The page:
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Make A Difference cover




Your Young Teen’s World

The Bottom Line: A Strong Parent–Child Relationship

Talking With Your Teen About Alcohol

Taking Action: Prevention Strategies for Parents

Could My Child Develop a Drinking Problem?


Other NIAAA Resources and Publications


A family talking during dinner
  • Kids who drink are more likely to be victims of violent crime, to be involved in alcohol-related traffic crashes, and to have serious school-related problems.

  • You have more influence on your child’s values and decisions about drinking before he or she begins to use alcohol.

  • Parents can have a major impact on their children’s drinking, especially during the preteen and early teen years.



With so many drugs available to young people these days, you may wonder, “Why develop a booklet about helping kids avoid alcohol?” Alcohol is a drug, as surely as cocaine and marijuana are. It’s also illegal to drink under the age of 21. And it’s dangerous. Kids who drink are more likely to:

This guide is geared to parents and guardians of young people ages 10 to 14. Keep in mind that the suggestions on the following pages are just that—suggestions. Trust your instincts. Choose ideas you are comfortable with, and use your own style in carrying out the approaches you find useful. Your child looks to you for guidance and support in making life decisions—including the decision not to use alcohol.

But my child isn’t drinking yet,” you may think. “Isn’t it a little early to be concerned about drinking?” Not at all. This is the age when some children begin experimenting with alcohol. Even if your child is not yet drinking alcohol, he or she may be receiving pressure to drink. Act now. Keeping quiet about how you feel about your child’s alcohol use may give him or her the impression that alcohol use is OK for kids.

It’s not easy.
As children approach adolescence, friends exert a lot of influence. Fitting in is a chief priority for teens, and parents often feel shoved aside. Kids will listen, however. Study after study shows that even during the teen years, parents have enormous influence on their children’s behavior.

The bottom line is that most young teens don’t yet drink. And parents’ disapproval of youthful alcohol use is the key reason children choose not to drink. So make no mistake: You can make a difference.

(Note: This booklet uses a variety of terms to refer to young people ages 10 to 14, including youngsters, children, kids, and young teens.)


For young people, alcohol is the drug of choice. In fact, alcohol is used by more young people than tobacco or illicit drugs. Although most children under age 14 have not yet begun to drink, early adolescence is a time of special risk for beginning to experiment with alcohol.

While some parents and guardians may feel relieved that their teen is “only” drinking, it is important to remember that alcohol is a powerful, mood-altering drug. Not only does alcohol affect the mind and body in often unpredictable ways, but teens lack the judgment and coping skills to handle alcohol wisely. As a result:

  • Alcohol-related traffic crashes are a major cause of death among young people. Alcohol use also is linked with teen deaths by drowning, suicide, and homicide.

  • Teens who use alcohol are more likely to be sexually active at earlier ages, to have sexual intercourse more often, and to have unprotected sex than teens who do not drink.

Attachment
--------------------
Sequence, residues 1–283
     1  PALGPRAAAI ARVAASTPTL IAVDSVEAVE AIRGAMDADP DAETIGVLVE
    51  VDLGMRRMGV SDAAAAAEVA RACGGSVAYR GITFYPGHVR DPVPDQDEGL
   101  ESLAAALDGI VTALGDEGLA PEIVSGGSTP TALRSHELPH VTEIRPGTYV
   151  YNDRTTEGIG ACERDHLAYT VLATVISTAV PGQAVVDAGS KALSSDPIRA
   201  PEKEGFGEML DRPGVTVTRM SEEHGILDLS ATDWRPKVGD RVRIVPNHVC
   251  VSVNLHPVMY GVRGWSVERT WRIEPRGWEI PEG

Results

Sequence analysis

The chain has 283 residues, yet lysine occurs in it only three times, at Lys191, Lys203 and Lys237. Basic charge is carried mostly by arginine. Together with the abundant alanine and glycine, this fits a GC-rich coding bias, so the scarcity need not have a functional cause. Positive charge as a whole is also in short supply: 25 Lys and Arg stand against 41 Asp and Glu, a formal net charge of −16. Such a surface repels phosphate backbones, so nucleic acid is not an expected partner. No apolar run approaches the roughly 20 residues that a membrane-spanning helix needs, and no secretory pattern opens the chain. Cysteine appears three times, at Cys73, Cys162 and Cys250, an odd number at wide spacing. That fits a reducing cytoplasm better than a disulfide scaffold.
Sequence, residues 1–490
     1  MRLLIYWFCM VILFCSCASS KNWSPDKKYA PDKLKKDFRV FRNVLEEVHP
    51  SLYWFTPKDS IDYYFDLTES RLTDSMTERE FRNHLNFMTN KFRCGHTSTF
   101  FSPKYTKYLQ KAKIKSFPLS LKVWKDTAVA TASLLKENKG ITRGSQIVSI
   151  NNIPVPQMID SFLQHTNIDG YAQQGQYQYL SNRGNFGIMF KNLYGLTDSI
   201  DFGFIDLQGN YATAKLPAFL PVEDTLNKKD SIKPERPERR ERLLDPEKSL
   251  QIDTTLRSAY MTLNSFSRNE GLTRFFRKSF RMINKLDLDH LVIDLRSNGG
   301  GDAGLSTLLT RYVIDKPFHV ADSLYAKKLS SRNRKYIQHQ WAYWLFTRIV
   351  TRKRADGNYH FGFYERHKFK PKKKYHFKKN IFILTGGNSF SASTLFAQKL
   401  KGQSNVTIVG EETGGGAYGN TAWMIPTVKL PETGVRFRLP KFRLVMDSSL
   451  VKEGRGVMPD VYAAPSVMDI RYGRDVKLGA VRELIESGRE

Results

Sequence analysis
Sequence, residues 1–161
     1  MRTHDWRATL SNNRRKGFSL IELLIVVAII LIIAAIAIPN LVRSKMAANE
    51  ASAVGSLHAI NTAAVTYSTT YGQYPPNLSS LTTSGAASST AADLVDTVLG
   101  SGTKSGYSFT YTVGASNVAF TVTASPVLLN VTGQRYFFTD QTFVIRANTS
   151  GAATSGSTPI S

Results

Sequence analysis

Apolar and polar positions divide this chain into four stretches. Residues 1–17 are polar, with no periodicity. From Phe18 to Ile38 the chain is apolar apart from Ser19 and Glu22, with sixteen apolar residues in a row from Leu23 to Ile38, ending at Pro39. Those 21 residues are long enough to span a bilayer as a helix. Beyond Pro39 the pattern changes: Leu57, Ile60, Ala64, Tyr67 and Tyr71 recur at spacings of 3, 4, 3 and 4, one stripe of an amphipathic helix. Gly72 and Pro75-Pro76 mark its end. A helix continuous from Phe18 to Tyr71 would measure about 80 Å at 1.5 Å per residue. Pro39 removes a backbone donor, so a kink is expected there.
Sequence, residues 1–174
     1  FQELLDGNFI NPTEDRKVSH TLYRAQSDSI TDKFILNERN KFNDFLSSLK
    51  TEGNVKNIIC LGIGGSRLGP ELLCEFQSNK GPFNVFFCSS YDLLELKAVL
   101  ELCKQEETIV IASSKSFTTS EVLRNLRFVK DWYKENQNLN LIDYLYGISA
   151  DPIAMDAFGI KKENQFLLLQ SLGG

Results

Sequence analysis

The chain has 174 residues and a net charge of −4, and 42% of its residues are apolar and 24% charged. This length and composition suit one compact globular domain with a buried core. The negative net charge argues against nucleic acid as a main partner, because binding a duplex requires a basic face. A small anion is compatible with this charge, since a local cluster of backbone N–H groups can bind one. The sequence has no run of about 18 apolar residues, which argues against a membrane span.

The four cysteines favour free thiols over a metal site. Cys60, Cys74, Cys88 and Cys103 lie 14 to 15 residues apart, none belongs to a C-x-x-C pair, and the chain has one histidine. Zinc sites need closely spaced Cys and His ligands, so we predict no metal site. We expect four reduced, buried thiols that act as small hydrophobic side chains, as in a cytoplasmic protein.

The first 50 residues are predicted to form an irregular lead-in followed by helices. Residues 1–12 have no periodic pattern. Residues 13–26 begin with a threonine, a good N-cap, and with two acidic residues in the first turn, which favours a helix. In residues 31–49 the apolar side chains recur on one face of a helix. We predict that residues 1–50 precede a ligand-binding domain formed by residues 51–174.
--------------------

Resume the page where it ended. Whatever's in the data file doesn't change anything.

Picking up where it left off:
• Young people who drink are more likely than others to be victims of violent crime, including rape, aggravated assault, and robbery.

  • Teens who drink are more likely to have problems with school work and school conduct.

  • The majority of boys and girls who drink tend to binge (5 or more drinks on an occasion for boys and 4 or more on an occasion for girls) when they drink.

  • A person who begins drinking as a young teen is four times more likely to develop alcohol dependence than someone who waits until adulthood to use alcohol.

The message is clear: Alcohol use is very risky business for young people. And the longer children delay alcohol use, the less likely they are to develop any problems associated with it. That’s why it is so important to help your child avoid any alcohol use.



Early adolescence is a time of immense and often confusing changes for your son or daughter, which makes it a challenging time for both your youngster and you. Understanding what it’s like to be a teen can help you stay closer to your child and have more influence on the choices he or she makes—including decisions about using alcohol.

A young teen who feels that he or she doesn’t fit in is more likely to do things to try to please friends, including experimenting with alcohol. During this vulnerable time, it is particularly important to let your children know that in your eyes, they do measure up—and that you care about them deeply.

An African-American father and sons fishing.


  • That according to a recent national survey, 17 percent of eighth graders reported drinking alcohol within the past month?

  • That 34 percent of eighth graders reported drinking in the past year?

  • That 64 percent of eighth graders say that alcohol is easy to get?

  • That a recent survey shows that more girls than boys ages 12 to 17 reported drinking alcohol?




You may wonder why a guide for preventing teen alcohol use is putting so much emphasis on parents’ need to understand and support their children. But the fact is, the best way to influence your child to avoid drinking is to have a strong, trusting relationship with him or her. Research shows that teens are much more likely to delay drinking when they feel they have a close, supportive tie with a parent or guardian. Moreover, if your son or daughter eventually does begin to drink, a good relationship with you will help protect him or her from developing alcohol-related problems.